The UN’s Special Rapporteur report says enough on its own, although Qatar 2022 argue there is some positive commentary in the report as well. It points out how “the Supreme Committee, which employs about 4 per cent of the construction work force in Qatar, has implemented many of these safety measures” when the the vast majority of the remaining 96 per cent of the construction industry has not, and that work on the World Cup has led the way for the rest of the country. At the same time, there is also the high rate of “unexplained” deaths amid what FairSquare describe as “demonstrable risk” to workers’ lives, as well as "very clear evidence linking heat to worker deaths" amid Qatari inaction. Amnesty on Monday stated these major concerns require “urgent and concrete action”.
The human rights body added that “Qatar has made a number of positive reforms in recent years”, but research has “shown that reforms are often not properly implemented”.
It is this lack of action that led Hogli and Tromso to initiate their campaign.
“We think, after 10 years, Fifa and international football should have a bigger footprint on the issue,” Hogli says. “We are not happy with the results, after a decade.”
There does seem to be a deep disconnect between the idea of unquestioningly going to a Qatari World Cup - and living and working in facilities built on “indentured or coercive labour conditions” - in the age of taking the knee against racial inequality.
This most politically problematic of World Cups comes in a newly politicised football world, that players have been impressively happy to drive.
The blunt reality is that if a core of international stars decided to take a collective stand, Fifa would act in no time. That is one of the greater values of the Norwegian protest, that it might influence more. It’s still so difficult to spark mass effect.
One highly influential football figure privately says that “he can’t conceive of a world where a boycott happens”.
It also puts focus on the media, and whether the idea of boycotts should grow there. As one figure who has worked extensively on human rights in Qatar confided, though, “the authorities would love questioning media to not go”. An even more sanitised image would be presented.
It sums up much of this disconnect that Gareth Southgate admitted he “wasn’t totally aware” of Norway's growing calls for a boycott when asked last week.
Normally such an excellent speaker on these issues, the England manager was notably constrained when discussing Qatar.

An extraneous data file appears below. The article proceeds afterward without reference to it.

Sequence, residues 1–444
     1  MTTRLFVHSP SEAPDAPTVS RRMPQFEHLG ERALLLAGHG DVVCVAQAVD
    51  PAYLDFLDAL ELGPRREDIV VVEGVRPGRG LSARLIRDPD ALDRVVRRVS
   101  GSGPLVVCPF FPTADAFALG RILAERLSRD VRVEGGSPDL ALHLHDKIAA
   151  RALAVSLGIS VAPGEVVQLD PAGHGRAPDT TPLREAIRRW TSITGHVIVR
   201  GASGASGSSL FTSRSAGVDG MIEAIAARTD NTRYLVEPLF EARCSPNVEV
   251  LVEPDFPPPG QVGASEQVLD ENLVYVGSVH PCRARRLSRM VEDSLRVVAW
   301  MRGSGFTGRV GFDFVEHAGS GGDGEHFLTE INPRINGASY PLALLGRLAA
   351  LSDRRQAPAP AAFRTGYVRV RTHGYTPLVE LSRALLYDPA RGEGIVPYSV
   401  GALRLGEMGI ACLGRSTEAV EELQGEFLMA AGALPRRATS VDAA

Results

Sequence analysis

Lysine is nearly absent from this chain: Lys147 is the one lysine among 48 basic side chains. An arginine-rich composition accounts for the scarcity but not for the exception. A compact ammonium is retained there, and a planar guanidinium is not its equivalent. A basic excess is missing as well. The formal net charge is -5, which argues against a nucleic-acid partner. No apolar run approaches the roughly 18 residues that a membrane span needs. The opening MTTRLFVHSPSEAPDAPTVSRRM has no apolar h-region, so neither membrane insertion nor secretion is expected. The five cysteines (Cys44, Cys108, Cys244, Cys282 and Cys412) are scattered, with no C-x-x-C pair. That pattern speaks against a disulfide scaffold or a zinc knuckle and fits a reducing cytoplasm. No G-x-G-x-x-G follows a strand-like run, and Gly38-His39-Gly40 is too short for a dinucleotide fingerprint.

“There’s always going to be discussion around the suitability of hosts and international relations with different countries, we have had that before we went to Russia.
“I'm not oblivious to those political situations and whenever there's a political situation that we feel would benefit from focus, we would see it as a responsibility to do that.
“But equally, as the manager of the team, we are told where to play and our job is to prepare the team so I think there are other people who've got to lead those discussions and lead those debates.”
Within Southgate’s carefully-worded answer, there were highly relevant points.
The England manager is correct to say that, as players and coaches, they “are told where to play”. They are literally put in difficult situations. The responsibility should really be on the federations.
This is partly why the idea of a boycott only goes so far, regardless of the difficulty of organising one.
Much of the World Cup’s political leverage is its unique prestige, which is why it almost feels unfair that an individual’s single chance to play in one might fall in such a problematic tournament. There is a natural human pull there. As an example, Ollie Watkins was put up for England media duties on Tuesday, after his first call-up.
The nature of this World Cup should be dominating all discussion surrounding the build-up to the opening games, but it suddenly felt unfair to put that on a young player enjoying what is probably the best moment of his career so far.
This is the insidious nature of this specific kind of sportswashing.
John Stones was a bit more expressive when asked.
“It’s something we haven't talked about yet. We've had a hectic schedule. It's something we've been told about and that we definitely want to talk about. I was saying before that we've got such a platform to be able to express to the world.”
England’s “leadership group” are due to discuss it among a few other issues over the next few days, but Hogli - who has 49 caps for Norway - has some sympathy.
“This is why, when I speak about this, I try to keep it at club and federation level,” he explains. “If some players want to come out and make a stand, I’m very happy, but I don’t want to force anyone to have an opinion. I understand it’s difficult.”
But a key point that Hogli and human rights groups are making, and that Southgate actually alluded to, is that it doesn’t have to go as far as a boycott.
The England manager added that “whenever there's a political situation that we feel would benefit from focus, we would see it as a responsibility to do that” and this is what is being advocated.
“The theory of change in human rights activism is that you find any sort of leverage you can to encourage or pressure,” Human Rights Watch’s Adam Coogle has told The Independent.
A newly politicised football world has that power. This is the idea behind the Norwegian protests. This is why the lack of discussion elsewhere, or any gesture from Fifa, has been so galling.
If the World Cup is supposed to be some force for change, Qatar has so far got all of the reward, without any of the required changes.
“This issue is not so black and white,” Hogli explains. “I believe in this strategy of dialogue, but what we see after 10 years is that dialogue hasn’t worked very well.
“When we made our standpoint, we at least hoped it would end with a discussion in Norway. We didn’t expect journalists from around the world to call. We are a small club up north in Tromso. This shows we can do things, and if we stand together in football, we can change things.
“OK, it will be bigger if a big club or country did it, but it has to start somewhere and why not Norway?
“Even if there is no boycott, this discussion can change future standards for football.”
If this World Cup emphasises everything that is bad about football, there is still ample time for the sport - and Fifa - to show they can be the force for good the game purports to be.